62 2/18/20 4831 Passage I voted for House Bill 4831, which would require the Department of Technology, Management and Budget to approve in writing another agency’s decision to exercise an option to extend a contract. This would provide more oversight from DTMB when agencies are exercising options to extend a contract and more transparency to the procurement process. It passed 106 – 1.
63 2/18/20 5015 Passage I voted for House Bill 5015, which would require salary and benefit information of state employees be posted online. This information is already available through the Freedom of Information Act; the bill just makes it so people that want to know don’t have to file a request and pay a fee. The list will not include name, initials, electronic e-mail address, Social Security number, phone number, street address, or other information that could be used to identify an employee or employee’s beneficiary. This encourages government transparency and helps educate taxpayers on how their tax dollars are being spent. The House of Representatives already does this. The bill passed 104 – 3.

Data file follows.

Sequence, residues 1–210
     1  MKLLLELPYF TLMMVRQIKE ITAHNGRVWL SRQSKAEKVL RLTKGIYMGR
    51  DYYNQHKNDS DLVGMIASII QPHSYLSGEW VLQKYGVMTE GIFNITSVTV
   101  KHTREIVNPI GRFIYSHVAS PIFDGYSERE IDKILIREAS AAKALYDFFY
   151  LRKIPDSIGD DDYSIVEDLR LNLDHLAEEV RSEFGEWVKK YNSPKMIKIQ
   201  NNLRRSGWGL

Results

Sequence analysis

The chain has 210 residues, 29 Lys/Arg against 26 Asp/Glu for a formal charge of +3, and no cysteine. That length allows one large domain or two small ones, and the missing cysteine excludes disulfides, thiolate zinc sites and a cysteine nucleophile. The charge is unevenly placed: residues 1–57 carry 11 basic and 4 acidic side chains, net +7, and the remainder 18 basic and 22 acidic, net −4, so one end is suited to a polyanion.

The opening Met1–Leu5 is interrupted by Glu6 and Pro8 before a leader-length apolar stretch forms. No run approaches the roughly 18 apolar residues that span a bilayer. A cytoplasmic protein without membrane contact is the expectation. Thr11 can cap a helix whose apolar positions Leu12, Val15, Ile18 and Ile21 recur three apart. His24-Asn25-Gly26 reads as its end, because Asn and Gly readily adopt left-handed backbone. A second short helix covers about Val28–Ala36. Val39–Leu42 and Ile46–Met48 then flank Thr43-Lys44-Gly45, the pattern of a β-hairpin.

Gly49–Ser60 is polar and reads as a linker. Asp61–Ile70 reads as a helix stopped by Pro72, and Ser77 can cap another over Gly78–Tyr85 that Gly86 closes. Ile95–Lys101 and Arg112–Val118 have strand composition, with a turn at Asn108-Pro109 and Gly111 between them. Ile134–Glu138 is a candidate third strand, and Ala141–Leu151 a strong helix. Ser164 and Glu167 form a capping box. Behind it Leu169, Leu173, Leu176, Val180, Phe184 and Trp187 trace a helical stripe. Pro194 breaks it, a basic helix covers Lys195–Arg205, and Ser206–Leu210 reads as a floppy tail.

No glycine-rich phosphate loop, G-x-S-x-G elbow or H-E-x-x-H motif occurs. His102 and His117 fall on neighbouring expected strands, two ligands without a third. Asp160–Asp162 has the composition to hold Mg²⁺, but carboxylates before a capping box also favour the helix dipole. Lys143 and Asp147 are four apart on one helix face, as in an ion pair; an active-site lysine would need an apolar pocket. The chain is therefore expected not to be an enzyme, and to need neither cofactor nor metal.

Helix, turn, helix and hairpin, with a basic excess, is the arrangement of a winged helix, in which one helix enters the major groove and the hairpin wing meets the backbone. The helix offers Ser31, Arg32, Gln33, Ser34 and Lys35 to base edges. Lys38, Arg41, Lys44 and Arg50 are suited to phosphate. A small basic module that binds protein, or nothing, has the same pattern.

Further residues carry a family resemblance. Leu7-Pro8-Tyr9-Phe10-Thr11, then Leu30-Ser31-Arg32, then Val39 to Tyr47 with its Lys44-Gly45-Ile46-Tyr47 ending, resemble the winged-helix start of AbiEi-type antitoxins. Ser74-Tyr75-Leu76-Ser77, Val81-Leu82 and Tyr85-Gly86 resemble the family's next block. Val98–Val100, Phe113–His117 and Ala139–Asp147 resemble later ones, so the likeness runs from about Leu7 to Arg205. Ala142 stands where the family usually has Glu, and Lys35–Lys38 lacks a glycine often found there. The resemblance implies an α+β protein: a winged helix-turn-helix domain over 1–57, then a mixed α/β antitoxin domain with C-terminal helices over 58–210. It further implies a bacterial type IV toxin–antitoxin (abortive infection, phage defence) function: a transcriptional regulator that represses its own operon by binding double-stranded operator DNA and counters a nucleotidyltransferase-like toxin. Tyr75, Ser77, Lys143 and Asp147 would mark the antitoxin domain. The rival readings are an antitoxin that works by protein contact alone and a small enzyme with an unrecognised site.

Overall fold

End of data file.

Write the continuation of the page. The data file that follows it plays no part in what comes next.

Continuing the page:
64 2/18/20 5164 Passage I voted for House Bill 5164, which would change the frequency for when the state inspectors must perform a full inspection of a high-pressure boiler from every two years to every three years. The full internal inspection of high-pressure boiler systems is a very time-consuming process and is very burdensome for the entity and the department, and the industry standard for the inspection of high-pressure boiler systems is every three years. The bill passed 98 – 9.
65 2/19/20 4152 Concurrence I voted to concur with the Senate amendment to House Bill 4152, which I voted for previously, to correct an odd oversight such that an individual born to unmarried parents prior to October 1, 1978 can conduct a search for their birth record at their local registrar at no additional fee. The Senate simply made a technical update to reflect an unrelated change in that law since the House passed in last year. Concurrence passed unanimously.